interest for the stock laid out by the landlord 
upon its improvement. This, no doubt, may 
be partly the case upon some occasions; for it 
can scarce ever be more than partly the case
The landlord demands a rent even for unimproved 
land, and the supposed interest or profit 
upon the expense of improvement is generally 
an addition to this original rent. Those 
improvements, besides, are not always made 
by the stock of the landlord, but sometimes 
by that of the tenant. When the lease comes 
to be renewed, however, the landlord commonly 
demands the same augmentation of rent 
as if they had been all made by his own. 
He sometimes demands rent for what is 
altogether incapable of human improvements
Kelp is a species of sea-weed, which, when 
burnt, yields an alkaline salt, useful for making 
glass, soup, and for several other purposes. 
It grows in several parts of Great Britain, 
particularly in Scotland, upon such rocks only 
as lie within the high-water mark, which are 
twice every day covered with the sea, and of 
which the produce, therefore, was never 
augmented by human industry. The landlord
however, whose estate is bounded by a kelp 
shore of this kind, demands a rent for it as 
much as for his corn-fields
The sea in the neighbourhood of the islands 
of Shetland is more than commonly abundant 
in fish, which makes a great part of the 
subsistence of their inhabitants. But, in order 
to profit by the produce of the water, they 
must have a habitation upon the neighbouring 
land. The rent of the landlord is in proportion
not to what the farmer can make by the 
land, but to what he can make both by the 
land and the water. It is partly paid in sea-fish
and one of the very few instances in 
which rent makes a part of the price of that 
commodity, is to be found in that country
The rent of land, therefore, considered as 
the price paid for the use of the land, is naturally 
a monopoly price. It is not at all proportioned 
to what the landlord may have laid 
out upon the improvement of the land, or to 
what he can afford to take, but to what the 
farmer can afford to give
Such parts only of the produce of land can 
commonly be brought to market, of which the 
ordinary price is sufficient to replace the stock 
which must be employed in bringing them 
thither, together with its ordinary profits. If 
the ordinary price is more than this, the surplus 
part of it will naturally go to the rent of 
the land. If it is not more, though the commodity 
may be brought to market, it can afford 
no rent to the landlord. Whether the 
price is, or is not more, depends upon the demand
There are some parts of the produce of land
for which the demand must always be such as 
to afford a greater price than what is sufficient 
to bring them to market, and there are 
others for which it either may or may not be 
such as to afford this greater price. The 
former must always afford a rent to the landlord
The latter sometimes may and sometimes may 
not, according to different circumstances.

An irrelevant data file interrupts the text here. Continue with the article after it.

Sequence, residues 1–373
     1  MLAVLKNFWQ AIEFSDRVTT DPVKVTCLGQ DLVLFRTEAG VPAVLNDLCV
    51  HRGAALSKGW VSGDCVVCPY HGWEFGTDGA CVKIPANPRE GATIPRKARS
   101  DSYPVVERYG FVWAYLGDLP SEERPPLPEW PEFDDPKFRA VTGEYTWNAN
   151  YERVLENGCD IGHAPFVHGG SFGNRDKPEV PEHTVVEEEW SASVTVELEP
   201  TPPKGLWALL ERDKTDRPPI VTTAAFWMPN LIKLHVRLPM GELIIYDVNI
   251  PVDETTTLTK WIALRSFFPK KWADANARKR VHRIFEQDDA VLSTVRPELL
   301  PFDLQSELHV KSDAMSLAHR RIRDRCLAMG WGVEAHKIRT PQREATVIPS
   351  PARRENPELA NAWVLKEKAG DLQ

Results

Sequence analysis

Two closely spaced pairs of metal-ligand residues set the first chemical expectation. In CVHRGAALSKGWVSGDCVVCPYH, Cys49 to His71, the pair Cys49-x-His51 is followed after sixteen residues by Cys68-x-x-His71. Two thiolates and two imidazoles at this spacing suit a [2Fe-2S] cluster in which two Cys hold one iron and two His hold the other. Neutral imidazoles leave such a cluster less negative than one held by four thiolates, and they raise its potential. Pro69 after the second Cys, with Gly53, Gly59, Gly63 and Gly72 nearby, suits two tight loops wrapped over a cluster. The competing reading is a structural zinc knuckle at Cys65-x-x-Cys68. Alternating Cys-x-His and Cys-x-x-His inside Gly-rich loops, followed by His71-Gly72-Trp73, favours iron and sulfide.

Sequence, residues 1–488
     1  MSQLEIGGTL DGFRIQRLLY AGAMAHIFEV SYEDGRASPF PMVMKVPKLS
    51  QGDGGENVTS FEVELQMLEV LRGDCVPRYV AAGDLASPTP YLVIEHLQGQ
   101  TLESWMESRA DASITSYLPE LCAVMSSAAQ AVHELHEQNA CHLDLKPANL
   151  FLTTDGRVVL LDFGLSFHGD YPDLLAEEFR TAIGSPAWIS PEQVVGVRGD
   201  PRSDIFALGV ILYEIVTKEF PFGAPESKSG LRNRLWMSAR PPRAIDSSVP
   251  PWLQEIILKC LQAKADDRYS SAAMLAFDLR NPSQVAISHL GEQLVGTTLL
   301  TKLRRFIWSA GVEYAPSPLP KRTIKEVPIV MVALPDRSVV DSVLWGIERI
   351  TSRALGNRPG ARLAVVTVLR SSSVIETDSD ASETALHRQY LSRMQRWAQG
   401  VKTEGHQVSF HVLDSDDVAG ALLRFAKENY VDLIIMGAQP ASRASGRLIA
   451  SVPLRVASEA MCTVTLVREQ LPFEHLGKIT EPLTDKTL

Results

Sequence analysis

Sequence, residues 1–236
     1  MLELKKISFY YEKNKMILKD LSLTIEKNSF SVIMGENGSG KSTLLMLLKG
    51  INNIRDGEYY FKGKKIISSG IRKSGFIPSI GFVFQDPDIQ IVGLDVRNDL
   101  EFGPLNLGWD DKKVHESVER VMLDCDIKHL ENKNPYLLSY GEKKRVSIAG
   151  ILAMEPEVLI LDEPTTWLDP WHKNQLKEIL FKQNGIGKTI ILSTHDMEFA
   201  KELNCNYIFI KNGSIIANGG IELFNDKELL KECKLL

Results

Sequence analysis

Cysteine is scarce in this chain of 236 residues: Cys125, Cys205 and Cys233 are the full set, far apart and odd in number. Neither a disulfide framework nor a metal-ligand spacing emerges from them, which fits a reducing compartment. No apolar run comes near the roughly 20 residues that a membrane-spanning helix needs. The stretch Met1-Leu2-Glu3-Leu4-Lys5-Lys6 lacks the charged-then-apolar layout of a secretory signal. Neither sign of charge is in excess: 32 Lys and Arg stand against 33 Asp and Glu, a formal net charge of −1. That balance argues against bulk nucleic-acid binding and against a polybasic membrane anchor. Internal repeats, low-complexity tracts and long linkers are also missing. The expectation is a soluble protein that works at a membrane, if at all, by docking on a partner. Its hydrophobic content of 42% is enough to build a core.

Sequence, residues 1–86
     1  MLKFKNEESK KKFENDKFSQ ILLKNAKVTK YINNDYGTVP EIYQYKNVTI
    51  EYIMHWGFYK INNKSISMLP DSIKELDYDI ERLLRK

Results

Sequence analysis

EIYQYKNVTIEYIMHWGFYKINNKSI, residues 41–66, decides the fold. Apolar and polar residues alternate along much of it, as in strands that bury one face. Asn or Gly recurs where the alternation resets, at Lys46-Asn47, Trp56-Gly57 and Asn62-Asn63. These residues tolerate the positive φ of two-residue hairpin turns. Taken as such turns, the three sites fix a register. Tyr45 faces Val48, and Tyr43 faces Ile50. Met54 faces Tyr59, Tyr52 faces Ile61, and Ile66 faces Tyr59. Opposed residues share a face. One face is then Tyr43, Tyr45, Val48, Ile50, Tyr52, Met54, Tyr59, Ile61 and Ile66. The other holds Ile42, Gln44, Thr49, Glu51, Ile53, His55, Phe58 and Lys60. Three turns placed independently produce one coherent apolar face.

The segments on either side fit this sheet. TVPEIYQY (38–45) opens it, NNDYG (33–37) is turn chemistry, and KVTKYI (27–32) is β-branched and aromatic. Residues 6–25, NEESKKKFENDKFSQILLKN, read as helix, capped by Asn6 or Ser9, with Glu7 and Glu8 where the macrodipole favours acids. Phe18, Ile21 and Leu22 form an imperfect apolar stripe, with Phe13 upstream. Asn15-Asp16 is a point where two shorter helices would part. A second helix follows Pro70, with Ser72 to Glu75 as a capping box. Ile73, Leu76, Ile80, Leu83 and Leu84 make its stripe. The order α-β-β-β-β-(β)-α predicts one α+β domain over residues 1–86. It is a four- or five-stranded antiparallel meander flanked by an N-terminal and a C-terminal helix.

Rent, it is to be observed, therefore, enters 
into the composition of the price of commodities 
in a different way from wages and profit
High or low wages and profit are the 
causes of high or low price; high or low rent 
is the effect of it. It is because high or low 
wages and profit must be paid, in order to 
bring a particular commodity to market, that 
its price is high or low. But it is because its 
price is high or low, a great deal more, or 
very little more, or no more, than what is sufficient 
to pay those wages and profit, that it 
affords a high rent, or a low rent, or no rent 
at all. 
The particular consideration, first, of those 
parts of the produce of land which always afford 
some rent; secondly, of those which sometimes 
may and sometimes may not afford rent
and, thirdly, of the variations which, in the 
different periods of improvement, naturally 
take place in the relative value of those two 
different sorts of rude produce, when compared 
both with one another and with manufactured 
commodities, will divide this chapter 
into three parts
Part I.—Of the Produce of Land which 
always affords Rent
As men, like all other animals, naturally multiply 
in proportion to the means of their subsistence
food is always more or less in demand
It can always purchase or command 
a greater or smaller quantity of labour, and 
somebody can always be found who is willing to 
do something in order to obtain it. The 
quantity of labour, indeed, which it can purchase, 
is not always equal to what it could 
maintain, if managed in the most economical 
manner, on account of the high wages which 
are sometimes given to labour; but it can always 
purchase such a quantity of labour as it 
can maintain, according to the rate at which 
that sort of labour is commonly maintained in 
the neighbourhood
But land, in almost any situation, produces 
a greater quantity of food than what is sufficient 
to maintain all the labour necessary for 
bringing it to market, in the most liberal way 
in which that labour is ever maintained. The 
surplus, too, is always more than sufficient to 
replace the stock which employed that labour
together with its profit. Something, therefore, 
always remains for a rent to the landlord
The most desert moors in Norway and Scotland 
produce some sort of pasture for cattle
of which the milk and the increase are always 
more than sufficient, not only to maintain all 
the labour necessary for tending them, and to